England have experienced most things on their Six Nations sojourns in Rome over the last dozen years, but this afternoon's contest with the Azzurri could be groundbreaking in a number of ways.
For one thing, it is likely to be a wet-weather contest – possibly even snow-laden – and the prospect of grappling with a mud-monster as formidable as the front-row kingpin Martin Castrogiovanni is about as far from enticing as it gets. For another, there is a possibility of defeat. Not any old defeat, but a first defeat at Italian hands. Make no mistake, this will be a nerve-shredding occasion.
Assuming, of course, that it goes ahead. Having moved across the River Tiber from Stadio Flaminio to the far bigger and immeasurably grander Stadio Olimpico for their home games in this year's tournament, the Italians have been working overtime to ensure that the pitch covering – plastic sheeting held in place by elderly tubular fittings last used on the Coliseum across town – stayed in place as heavy snow fell on the city's Seven Hills. Last night, officials were completely confident that the match would happen, despite the blizzard. If anyone ever asks what the Romans have done for the Six Nations, the answer will be obvious.
When it came to outpourings of confidence, the England hierarchy seemed equally sure. Certainly, the captain, Chris Robshaw, was perfectly at one with the world, despite the narrow squeak against Scotland at Murrayfield a week ago. "We were lucky to win there," he said, "but you take the luck that comes your way. That was a new team in Edinburgh, but a week is a long time and we already feel like a more experienced side. Yes, we had to make a lot of tackles against the Scots" – a record number, as a matter of fact – "and we'll need to keep the ball for a lot longer in this game. But if it comes to down to sacrifice, we'll make sacrifices."
It could indeed come down to that. Italy are no better than Scotland at scoring tries from a surfeit of possession, but it beggars belief that England will find it in themselves to defend today as resolutely, or for such interminable periods, as they did in the opening round of the championship. In Castrogiovanni and the powerful hooker Leonardo Ghiraldini, the Azzurri have front-rowers well versed in the art of "smashing it up the guts", to use the delectable modern terminology. In Alessandro Zanni and the remarkable Sergio Parisse, they have a couple of loose forwards capable of forcing the visitors on to the back foot in open field. If the Italians stay true to their promise of minimising errors in contact, England could go minutes on end without seeing the ball.
Graham Rowntree, the forwards coach who has much recent experience of narrow-squeak victories in these parts, knows this to be the case. Asked if there was a common denominator at work in tight Italy v England games in Rome, the former prop responded in his customary colourful fashion. "Yes, there's a denominator," he said. "It's that the Italians are bloody hard work up front. Castrogiovanni, Parisse, Ghiraldini... these are among the top operators in European rugby. They have presented us with a huge physical challenge in the past."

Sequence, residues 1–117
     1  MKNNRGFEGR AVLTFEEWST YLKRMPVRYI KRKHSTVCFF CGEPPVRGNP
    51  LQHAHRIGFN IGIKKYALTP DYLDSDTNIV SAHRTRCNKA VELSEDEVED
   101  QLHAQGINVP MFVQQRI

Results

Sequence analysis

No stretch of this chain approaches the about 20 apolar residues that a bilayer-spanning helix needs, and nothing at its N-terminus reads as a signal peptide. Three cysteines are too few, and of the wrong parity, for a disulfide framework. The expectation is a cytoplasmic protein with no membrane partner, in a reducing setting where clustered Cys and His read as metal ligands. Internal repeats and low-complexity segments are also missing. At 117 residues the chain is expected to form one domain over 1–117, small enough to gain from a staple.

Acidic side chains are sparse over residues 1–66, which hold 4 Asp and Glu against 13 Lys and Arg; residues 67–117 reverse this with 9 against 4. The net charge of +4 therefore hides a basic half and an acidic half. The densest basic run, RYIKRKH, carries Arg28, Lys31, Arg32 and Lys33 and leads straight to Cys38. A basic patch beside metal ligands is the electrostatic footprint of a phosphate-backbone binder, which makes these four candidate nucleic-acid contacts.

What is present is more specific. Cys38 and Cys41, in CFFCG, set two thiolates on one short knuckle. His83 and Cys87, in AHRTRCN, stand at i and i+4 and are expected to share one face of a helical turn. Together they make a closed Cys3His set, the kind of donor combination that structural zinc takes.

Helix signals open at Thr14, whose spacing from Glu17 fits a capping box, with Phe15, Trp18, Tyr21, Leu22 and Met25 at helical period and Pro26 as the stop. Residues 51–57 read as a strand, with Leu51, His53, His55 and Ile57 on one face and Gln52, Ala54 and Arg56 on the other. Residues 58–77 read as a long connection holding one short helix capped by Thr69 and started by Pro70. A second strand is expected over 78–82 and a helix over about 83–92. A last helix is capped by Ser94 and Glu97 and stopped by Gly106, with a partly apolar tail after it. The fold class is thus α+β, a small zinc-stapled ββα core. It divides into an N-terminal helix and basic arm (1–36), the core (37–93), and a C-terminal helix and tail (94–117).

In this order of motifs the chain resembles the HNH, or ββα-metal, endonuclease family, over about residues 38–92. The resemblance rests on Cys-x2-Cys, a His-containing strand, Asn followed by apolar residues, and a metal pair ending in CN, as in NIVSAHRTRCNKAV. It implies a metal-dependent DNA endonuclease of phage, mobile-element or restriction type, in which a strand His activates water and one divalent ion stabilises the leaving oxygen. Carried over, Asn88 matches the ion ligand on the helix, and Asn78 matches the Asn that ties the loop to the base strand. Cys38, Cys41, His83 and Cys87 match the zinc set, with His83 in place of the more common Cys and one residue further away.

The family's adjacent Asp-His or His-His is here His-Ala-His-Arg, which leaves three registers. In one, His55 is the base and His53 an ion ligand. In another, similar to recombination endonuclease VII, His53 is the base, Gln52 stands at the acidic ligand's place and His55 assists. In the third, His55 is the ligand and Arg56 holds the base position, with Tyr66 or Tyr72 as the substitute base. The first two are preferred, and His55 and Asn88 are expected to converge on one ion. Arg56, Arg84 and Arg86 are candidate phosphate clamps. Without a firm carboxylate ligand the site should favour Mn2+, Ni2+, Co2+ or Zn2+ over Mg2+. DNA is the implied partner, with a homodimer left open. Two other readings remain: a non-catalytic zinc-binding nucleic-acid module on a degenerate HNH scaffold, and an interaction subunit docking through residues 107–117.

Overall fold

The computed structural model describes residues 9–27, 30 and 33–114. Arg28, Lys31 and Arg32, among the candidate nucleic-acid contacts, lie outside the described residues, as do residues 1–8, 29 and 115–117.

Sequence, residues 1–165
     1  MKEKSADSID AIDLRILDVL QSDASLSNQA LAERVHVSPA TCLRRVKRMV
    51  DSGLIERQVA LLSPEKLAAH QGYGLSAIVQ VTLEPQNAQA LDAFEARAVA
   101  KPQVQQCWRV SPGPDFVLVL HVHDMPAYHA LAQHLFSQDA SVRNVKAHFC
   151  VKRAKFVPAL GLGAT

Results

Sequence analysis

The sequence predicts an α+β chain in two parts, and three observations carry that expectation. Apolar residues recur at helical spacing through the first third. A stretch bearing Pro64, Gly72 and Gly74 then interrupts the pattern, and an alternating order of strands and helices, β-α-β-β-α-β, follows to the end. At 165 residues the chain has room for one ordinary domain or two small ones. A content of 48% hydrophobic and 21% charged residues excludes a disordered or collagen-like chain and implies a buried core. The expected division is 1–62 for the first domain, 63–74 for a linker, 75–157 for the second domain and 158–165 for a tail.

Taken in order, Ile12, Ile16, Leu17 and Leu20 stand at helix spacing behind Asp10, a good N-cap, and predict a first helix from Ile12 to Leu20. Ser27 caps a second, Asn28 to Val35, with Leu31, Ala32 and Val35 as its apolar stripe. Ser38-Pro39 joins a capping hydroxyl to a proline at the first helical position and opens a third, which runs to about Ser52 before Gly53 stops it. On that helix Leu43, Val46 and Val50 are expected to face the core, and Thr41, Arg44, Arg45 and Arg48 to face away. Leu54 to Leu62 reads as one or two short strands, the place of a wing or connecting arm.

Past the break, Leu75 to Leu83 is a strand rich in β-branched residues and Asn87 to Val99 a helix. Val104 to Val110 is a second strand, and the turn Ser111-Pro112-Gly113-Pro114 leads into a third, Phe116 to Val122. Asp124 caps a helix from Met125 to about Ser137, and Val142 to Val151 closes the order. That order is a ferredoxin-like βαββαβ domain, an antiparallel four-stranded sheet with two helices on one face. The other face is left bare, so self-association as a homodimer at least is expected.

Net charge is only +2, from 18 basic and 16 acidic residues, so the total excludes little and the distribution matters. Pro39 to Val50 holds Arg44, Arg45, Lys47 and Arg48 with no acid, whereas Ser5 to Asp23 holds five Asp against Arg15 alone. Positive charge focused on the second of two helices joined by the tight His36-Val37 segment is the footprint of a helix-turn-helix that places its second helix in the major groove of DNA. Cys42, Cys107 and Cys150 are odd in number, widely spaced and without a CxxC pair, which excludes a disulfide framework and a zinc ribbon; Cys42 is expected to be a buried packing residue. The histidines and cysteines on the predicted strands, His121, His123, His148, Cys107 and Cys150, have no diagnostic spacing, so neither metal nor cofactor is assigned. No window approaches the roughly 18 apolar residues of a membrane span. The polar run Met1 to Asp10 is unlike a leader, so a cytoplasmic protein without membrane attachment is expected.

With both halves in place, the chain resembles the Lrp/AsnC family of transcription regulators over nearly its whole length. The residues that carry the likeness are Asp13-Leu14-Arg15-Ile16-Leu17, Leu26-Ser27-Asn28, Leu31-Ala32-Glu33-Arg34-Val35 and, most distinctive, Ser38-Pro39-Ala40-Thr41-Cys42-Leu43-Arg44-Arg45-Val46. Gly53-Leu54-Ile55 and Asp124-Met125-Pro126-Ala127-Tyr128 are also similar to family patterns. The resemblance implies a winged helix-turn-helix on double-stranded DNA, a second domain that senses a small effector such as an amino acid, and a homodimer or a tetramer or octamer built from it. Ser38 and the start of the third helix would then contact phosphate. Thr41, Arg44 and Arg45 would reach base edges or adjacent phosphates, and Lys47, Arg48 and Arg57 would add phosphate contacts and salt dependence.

England's build-up has not been helped by the weather. "We're great on Astroturf," Rowntree said, referring to the disruptions early in the week. When they arrived on Thursday night, they were informed that their team run at Stadio Olimpico was a non-starter, so after a few minutes on the touchline, they trained at the nearby Unione Capitolina ground. "At least it had some rugby posts," Rowntree said. "We hadn't seen any of those for a while."
There was not, however, any suggestion of the coach getting his excuses in first; indeed, the red-rose staff believe they have done everything in their power to lay the right foundations ahead of kick-off – not least by establishing exactly how the match officials are planning to approach things. Rowntree had a detailed discussion with Jerome Garces, the French referee whose only Six Nations experience to date was as a substitute midway through last season's Calcutta Cup game at Twickenham, and pronounced himself satisfied. "First time I've met Jerome: lovely bloke," he said.
Scrummaging, supposedly a speciality of French officials, would have been a major factor had the conditions been bone dry. In the wet, it will be central to the outcome. So will England's level of self-belief, raised by events at Murrayfield but still low when compared to that of the early 2000s, when Clive Woodward's team were building towards World Cup glory. Hence Rowntree's determination to paint a mood picture with a base shade of faith.
When it was suggested to him that the Italians were seeing this as their best opportunity to record a victory over England, he replied: "The Scots were licking their lips last week, weren't they? I'm hoping to see the same effort from our players, the same courage. It's a big game for us as well, you know."
Charlie Hodgson is fit to start after recovering from the shoulder injury he suffered at Murrayfield, as is his fellow midfielder Brad Barritt, who left Edinburgh with a "dead" leg, and the replacement scrum-half Lee Dickson, who will, if called upon, perform with a fractured bone in his hand.
England will welcome the rest when the tournament reaches the first of its one-week breaks, but they cannot bank on resuming the campaign as one of the remaining unbeaten teams.